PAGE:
John Metcalfe was CityLab’s Bay Area bureau chief, covering climate change and the science of cities.
Researchers say they’ve found a rise in brain-damaging blood clots right after the time switch.
Aside from feeling discombobulated, here’s another thing to worry about when Daylight Saving Time arrives March 13: brain-ravaging blood clots.
Researchers today released a preliminary study detailing their examination of a decade of hospital records in Finland, saying they’ve found a spike in patients with ischemic strokes after Daylight Saving. The rate of strokes jumped 8 percent in the two days after the time switch, compared with two weeks before and after, though following that brief period it settled back down to average.
They believe a disruption in the body’s natural cycle is behind the rise in strokes. Here’s more from a press release:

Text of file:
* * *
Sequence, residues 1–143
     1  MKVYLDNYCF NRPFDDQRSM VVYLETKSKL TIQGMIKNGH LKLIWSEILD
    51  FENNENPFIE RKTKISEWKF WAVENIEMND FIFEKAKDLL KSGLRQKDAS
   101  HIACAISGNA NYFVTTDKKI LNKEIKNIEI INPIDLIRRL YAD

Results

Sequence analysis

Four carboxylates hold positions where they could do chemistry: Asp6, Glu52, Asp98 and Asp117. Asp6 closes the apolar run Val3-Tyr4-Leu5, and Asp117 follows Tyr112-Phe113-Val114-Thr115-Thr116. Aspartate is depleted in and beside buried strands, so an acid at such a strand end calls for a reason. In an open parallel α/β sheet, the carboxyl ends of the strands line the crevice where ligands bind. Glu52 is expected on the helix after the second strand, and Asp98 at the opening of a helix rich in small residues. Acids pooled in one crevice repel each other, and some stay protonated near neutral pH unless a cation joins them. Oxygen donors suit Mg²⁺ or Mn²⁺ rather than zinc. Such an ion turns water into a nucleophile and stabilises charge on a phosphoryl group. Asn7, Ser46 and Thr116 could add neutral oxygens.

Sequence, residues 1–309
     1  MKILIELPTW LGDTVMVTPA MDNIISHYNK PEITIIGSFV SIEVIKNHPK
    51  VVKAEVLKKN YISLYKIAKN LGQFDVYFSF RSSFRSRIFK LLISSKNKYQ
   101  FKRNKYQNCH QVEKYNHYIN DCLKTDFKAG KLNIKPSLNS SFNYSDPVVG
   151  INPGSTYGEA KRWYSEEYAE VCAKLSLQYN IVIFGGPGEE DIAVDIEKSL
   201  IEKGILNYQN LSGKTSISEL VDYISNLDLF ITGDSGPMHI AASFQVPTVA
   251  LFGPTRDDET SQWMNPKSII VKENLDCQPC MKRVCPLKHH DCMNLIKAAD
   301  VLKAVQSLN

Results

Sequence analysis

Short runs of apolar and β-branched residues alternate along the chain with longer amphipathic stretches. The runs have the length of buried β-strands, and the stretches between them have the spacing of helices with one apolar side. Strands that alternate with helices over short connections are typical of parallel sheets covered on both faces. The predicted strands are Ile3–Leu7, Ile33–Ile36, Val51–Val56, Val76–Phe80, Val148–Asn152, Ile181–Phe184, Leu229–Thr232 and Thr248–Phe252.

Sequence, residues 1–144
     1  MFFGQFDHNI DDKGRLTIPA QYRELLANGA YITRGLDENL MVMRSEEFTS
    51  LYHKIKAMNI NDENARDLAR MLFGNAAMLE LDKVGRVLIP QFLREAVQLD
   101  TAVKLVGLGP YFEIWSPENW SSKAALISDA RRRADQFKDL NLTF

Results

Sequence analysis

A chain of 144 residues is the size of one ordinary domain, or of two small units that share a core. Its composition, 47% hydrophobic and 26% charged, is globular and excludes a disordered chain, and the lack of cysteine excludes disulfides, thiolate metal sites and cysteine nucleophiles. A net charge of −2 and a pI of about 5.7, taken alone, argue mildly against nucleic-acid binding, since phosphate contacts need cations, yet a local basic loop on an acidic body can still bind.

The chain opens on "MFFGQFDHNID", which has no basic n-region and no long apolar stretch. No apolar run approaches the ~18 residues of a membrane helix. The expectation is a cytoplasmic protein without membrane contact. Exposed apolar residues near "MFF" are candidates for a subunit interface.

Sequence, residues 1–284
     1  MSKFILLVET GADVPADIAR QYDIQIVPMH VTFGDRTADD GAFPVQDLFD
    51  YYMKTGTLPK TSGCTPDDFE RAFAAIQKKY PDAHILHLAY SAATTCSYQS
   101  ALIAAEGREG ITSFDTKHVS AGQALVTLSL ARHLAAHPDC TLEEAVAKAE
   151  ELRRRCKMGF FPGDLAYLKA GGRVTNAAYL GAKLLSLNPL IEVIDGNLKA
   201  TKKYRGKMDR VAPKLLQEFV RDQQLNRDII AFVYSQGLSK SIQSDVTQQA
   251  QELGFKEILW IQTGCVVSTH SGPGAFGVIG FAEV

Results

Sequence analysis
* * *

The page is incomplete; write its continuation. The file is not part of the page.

“Previous studies have shown that disruptions in a person’s circadian rhythm, also called an internal body clock, increase the risk of ischemic stroke, so we wanted to find out if daylight saving time was putting people at risk,” said study author Jori Ruuskanen, MD, PhD, of the University of Turku in Turku, Finland....
People with cancer were 25 percent more likely to have a stroke after daylight saving time than during another period. The risk was also higher for those over age 65, who were 20 percent more likely to have a stroke right after the transition.
Hospital deaths from stroke did not increase in the week after a daylight saving time transition.
The researchers will share more information when they present the final study in April at the American Academy of Neurology’s annual meeting in Vancouver.